Environmental stress on the visual system from doing constant near work such as reading, texting, and computer use can result in headaches, motion sickness, headaches, eyestrain, and more. Due to these day to day activities that require close work and focus, convergence insufficiency can arise and cause stress on your child’s eye muscles.
These issues can be treated with typical vision therapies like passive treatment, active treatment, and very rarely surgery. If you are not familiar, active treatment has been proven by the National Eye Institute to be the best treatment for convergence insufficiency. It consists of supervised vision therapy in a clinical office with home reinforcement (15 minutes of prescribed vision exercises done in the home five days per week). According to studies done, 75% of children achieved either full correction of their vision or saw marked improvements within 12 weeks. Passive treatment would include prescribing prismatic (prism) eyeglasses to decrease some of the symptoms. Although prism eyeglasses can relieve symptoms, they are not a “cure” and the patient typically remains dependent on the prism lenses. According to optometric and ophthalmological textbooks as well as scientific research, it is agreed the primary treatment of convergence insufficiency should be vision therapy.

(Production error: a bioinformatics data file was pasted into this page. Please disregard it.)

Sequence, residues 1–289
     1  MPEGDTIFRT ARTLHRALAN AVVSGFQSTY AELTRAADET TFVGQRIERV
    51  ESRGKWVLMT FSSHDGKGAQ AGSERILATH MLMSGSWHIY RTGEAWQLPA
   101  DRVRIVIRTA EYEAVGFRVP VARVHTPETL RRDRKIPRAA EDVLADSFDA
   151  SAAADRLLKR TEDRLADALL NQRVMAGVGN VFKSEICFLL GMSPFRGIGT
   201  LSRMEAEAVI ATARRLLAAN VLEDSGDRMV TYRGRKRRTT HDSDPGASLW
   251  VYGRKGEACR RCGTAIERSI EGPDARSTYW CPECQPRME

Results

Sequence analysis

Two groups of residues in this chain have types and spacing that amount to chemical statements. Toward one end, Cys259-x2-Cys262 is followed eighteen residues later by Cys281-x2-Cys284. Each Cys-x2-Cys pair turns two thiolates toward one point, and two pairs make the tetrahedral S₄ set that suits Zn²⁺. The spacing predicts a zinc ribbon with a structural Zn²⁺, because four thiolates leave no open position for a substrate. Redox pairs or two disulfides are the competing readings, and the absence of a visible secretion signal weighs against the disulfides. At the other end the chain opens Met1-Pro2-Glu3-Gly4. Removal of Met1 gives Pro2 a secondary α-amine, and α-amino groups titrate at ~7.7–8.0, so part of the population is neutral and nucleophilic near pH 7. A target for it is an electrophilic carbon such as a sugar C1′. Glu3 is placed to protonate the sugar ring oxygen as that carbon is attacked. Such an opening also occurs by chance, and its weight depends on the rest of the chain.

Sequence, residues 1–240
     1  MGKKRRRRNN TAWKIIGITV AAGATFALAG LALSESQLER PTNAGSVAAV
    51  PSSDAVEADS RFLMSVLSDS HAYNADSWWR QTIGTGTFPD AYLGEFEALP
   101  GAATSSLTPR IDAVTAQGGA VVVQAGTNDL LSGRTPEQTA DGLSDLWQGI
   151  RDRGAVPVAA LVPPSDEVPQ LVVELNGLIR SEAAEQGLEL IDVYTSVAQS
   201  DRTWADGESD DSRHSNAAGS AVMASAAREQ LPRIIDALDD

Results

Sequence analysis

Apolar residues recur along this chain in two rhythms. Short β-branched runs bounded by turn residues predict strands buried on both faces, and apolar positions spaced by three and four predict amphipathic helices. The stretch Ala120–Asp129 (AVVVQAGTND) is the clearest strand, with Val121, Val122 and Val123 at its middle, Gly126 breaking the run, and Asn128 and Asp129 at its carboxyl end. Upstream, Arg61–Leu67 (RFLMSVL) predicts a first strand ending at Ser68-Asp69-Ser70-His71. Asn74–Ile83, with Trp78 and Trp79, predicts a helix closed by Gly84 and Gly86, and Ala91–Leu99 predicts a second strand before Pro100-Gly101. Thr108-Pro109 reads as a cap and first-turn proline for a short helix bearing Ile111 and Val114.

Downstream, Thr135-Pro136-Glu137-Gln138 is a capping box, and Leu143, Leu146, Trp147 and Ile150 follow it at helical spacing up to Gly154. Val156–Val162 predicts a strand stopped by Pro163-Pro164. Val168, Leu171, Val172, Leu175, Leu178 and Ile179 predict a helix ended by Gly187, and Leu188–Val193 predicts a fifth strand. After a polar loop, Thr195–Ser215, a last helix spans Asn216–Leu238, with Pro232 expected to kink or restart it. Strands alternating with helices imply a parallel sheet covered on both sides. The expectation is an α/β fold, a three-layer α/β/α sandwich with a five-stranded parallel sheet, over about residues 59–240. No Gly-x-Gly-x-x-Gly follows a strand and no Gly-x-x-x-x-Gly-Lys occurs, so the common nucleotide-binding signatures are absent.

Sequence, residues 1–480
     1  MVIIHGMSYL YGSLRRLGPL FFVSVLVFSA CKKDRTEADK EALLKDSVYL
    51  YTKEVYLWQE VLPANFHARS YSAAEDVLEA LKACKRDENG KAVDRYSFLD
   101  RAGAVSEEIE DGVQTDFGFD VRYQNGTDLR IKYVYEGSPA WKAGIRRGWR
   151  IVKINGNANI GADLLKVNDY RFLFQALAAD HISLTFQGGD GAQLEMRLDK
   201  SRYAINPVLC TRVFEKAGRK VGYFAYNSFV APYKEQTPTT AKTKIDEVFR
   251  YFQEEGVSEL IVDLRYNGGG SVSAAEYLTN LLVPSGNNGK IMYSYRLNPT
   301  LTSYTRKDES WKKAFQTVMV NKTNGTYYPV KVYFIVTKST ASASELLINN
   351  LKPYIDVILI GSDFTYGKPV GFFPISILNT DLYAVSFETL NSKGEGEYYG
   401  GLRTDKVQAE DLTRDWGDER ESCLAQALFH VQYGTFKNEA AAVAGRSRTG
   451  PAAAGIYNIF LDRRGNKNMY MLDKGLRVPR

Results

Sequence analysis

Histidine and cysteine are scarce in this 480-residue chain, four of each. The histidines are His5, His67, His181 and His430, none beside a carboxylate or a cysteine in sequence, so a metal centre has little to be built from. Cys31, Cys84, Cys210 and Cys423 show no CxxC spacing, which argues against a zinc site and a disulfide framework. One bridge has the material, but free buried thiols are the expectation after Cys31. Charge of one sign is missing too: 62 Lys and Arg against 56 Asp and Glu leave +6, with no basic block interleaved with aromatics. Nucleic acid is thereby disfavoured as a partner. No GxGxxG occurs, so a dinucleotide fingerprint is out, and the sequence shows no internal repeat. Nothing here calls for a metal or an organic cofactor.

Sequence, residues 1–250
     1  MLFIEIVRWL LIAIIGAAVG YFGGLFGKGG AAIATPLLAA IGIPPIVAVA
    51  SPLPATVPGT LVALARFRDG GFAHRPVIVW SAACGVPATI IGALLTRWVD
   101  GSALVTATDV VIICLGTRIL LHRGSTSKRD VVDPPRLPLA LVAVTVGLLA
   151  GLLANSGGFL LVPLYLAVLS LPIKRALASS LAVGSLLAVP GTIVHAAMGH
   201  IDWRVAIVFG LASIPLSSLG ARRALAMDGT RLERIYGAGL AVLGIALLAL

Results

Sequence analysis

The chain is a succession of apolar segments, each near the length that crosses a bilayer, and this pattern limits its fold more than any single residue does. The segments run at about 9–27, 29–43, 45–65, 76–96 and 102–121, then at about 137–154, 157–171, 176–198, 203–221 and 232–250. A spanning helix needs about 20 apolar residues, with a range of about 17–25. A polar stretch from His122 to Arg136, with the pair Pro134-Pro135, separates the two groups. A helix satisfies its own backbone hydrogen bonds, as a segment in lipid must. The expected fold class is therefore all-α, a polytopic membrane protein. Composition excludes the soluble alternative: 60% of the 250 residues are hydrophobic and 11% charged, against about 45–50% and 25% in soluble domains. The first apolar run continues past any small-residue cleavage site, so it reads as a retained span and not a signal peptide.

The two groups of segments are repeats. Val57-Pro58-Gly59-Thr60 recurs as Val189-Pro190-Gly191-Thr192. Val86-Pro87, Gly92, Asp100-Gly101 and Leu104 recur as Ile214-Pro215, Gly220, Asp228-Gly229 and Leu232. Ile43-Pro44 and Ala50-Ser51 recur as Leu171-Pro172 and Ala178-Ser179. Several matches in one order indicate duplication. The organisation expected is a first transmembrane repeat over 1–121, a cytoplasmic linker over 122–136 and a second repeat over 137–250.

Here at Center for Vision Development, we will develop a personalized treatment plan as well as helpful techniques to help your child reduce his or her stress-related vision problems. Give us a call at (615)-791-5766 to schedule a consultation!